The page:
In an era of Casual Fridays and work-from-home colleagues, how can you maintain effective office communication in a changing business climate?
We’ll steer you through changes in business etiquette, and help you successfully navigate through the new realities of workplace conflict and office politics.
The holidays can be stressful for everyone. That stress can kill your productivity during a time when you need to be at the top of your game, as you wrap up the end of the year and prepare for 2015. Here are three key ways to combat stress this holiday season.
Make your marketing messages stand out from all the other messages in recipients’ inboxes: Use one-word subject lines. The length and shape of a one-word message catch the eye because they look different from all the other similar-looking longer subject lines.
Dr. Robert J. Cerfolio, a world-renowned cardiothoracic surgeon, says it’s never too early to think about self-improvement for the new year … and this year. Understanding one’s personal “line of gratification” is the foundation for sticking to self-improvement goals, he says.
Joining several different types of organizations will help you develop a variety of contacts. Choose from among these seven types:
When a staff member thinks he or she knows everything and stifles input from others, rein the person in before anyone is trampled by the person’s approach.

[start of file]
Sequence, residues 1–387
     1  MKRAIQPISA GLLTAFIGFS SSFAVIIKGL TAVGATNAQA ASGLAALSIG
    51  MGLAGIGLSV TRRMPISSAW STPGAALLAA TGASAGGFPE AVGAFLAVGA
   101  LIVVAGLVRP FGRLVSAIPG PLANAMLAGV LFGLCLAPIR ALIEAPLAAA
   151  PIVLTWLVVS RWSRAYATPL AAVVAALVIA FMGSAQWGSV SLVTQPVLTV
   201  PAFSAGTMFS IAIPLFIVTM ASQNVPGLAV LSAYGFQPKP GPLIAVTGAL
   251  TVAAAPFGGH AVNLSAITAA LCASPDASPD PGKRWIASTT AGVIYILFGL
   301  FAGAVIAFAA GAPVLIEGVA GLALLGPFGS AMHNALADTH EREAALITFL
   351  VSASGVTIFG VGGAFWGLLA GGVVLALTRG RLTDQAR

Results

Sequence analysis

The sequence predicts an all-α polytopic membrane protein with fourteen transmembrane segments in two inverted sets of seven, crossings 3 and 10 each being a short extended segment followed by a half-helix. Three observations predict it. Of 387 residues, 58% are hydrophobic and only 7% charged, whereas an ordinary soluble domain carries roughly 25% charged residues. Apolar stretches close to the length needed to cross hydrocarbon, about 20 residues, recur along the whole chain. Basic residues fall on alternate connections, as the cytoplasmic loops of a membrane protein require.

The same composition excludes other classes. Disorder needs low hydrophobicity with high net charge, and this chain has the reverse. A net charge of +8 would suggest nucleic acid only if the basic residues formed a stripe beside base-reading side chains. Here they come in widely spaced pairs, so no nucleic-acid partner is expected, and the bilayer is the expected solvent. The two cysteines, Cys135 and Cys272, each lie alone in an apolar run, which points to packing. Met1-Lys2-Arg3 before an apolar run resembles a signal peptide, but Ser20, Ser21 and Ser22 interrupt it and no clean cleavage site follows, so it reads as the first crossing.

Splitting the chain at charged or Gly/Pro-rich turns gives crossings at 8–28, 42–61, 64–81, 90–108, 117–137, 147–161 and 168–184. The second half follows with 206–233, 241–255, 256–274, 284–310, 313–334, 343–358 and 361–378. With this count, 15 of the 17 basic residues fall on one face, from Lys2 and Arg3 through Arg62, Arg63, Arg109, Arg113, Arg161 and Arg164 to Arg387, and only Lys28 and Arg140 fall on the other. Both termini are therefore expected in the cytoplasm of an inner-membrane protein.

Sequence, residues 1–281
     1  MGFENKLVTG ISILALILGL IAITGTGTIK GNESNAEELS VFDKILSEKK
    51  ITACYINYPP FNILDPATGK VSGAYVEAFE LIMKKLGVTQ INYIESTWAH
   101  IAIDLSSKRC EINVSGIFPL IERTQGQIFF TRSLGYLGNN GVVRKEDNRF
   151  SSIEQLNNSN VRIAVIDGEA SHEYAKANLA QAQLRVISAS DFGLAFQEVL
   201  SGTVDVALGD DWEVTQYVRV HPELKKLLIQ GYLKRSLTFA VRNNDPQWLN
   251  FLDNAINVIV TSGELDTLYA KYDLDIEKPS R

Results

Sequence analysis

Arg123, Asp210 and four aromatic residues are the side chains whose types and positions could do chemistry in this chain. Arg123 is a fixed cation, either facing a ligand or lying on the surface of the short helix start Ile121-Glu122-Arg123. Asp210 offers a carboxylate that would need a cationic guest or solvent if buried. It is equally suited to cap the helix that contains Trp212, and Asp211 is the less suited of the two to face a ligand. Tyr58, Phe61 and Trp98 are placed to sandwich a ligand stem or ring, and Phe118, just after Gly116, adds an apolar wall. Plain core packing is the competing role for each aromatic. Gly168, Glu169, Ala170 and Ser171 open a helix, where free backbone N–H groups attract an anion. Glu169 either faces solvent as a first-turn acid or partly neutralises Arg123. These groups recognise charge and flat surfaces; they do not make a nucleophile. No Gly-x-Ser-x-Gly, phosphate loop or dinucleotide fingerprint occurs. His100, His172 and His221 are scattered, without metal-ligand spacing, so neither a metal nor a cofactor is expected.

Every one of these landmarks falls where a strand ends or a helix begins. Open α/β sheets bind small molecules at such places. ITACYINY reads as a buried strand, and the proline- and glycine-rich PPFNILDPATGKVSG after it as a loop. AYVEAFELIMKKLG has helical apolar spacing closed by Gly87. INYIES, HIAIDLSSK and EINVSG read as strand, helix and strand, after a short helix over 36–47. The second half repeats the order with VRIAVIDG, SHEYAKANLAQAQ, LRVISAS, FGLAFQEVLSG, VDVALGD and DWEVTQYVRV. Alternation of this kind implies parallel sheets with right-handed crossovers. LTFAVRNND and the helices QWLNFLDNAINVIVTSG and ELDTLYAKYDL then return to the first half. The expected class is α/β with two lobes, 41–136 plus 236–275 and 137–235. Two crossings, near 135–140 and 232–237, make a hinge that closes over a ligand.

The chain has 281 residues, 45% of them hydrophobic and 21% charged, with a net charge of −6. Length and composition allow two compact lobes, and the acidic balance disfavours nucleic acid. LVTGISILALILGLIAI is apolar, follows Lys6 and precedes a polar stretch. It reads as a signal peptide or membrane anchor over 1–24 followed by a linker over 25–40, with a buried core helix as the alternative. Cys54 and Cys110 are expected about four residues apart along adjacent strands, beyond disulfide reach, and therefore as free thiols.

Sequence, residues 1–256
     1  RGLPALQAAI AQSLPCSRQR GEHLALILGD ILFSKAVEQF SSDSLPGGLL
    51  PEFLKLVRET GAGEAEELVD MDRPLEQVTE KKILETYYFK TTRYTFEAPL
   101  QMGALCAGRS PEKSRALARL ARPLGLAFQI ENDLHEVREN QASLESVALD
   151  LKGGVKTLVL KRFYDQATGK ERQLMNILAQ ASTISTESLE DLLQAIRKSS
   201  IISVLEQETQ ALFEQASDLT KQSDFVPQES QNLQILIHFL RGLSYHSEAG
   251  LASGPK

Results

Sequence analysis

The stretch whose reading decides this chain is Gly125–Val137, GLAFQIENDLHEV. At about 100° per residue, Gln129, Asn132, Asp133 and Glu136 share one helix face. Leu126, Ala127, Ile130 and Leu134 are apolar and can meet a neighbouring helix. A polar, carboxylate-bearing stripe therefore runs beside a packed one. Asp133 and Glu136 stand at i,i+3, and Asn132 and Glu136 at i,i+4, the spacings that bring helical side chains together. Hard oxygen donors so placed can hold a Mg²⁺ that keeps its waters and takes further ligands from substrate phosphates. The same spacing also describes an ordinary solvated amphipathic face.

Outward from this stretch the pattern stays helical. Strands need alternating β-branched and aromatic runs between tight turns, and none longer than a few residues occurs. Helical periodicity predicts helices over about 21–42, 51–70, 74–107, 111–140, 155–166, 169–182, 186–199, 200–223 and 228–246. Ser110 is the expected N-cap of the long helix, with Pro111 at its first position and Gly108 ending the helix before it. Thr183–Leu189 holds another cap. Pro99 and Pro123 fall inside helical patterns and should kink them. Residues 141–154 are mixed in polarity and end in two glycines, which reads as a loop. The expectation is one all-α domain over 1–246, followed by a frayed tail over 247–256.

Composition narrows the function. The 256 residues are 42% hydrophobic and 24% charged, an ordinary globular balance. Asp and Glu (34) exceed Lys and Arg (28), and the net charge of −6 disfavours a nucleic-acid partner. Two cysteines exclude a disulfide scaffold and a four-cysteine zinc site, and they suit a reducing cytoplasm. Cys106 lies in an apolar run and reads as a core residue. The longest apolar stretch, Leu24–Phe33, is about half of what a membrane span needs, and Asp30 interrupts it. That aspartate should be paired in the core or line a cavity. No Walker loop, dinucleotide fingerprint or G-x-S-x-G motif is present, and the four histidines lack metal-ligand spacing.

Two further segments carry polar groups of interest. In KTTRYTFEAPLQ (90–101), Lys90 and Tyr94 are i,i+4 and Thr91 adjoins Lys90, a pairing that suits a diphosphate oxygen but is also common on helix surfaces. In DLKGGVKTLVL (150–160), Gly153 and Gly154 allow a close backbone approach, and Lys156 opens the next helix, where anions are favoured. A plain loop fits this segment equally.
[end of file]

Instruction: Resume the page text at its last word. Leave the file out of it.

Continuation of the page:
Eliminating all sources of stress in our lives is never going to happen, but minimizing their effect is a completely attainable goal. Psychologist and PsyBlog blogger Jeremy Dean offers research-based tips on how to manage the stress in your life.
The holiday season can be stressful enough without all the etiquette worries that can also come with it. Knowing how to act in situations that combine socializing with your career can be tricky, so we checked in with a few etiquette experts to help remind you what you should—and shouldn’t—do.
The little faces, triangles and puppies you've been sketching all these years haven't been for nought.
Weird Al Yankovic made grammar funny with his “Word Crimes” parody of Robin Thicke’s hit song “Blurred Lines” and its accompanying video this summer. Weird Al brought up some good grammar points that are important for everyone to remember, says News to Live By Managing Editor Danny Rubin.
Occasional chitchat is a good way to improve interpersonal relationships, but when it’s overdone, it can be an annoying barrier to finishing the job, as two readers pointed out recently on the Admin Pro Forum.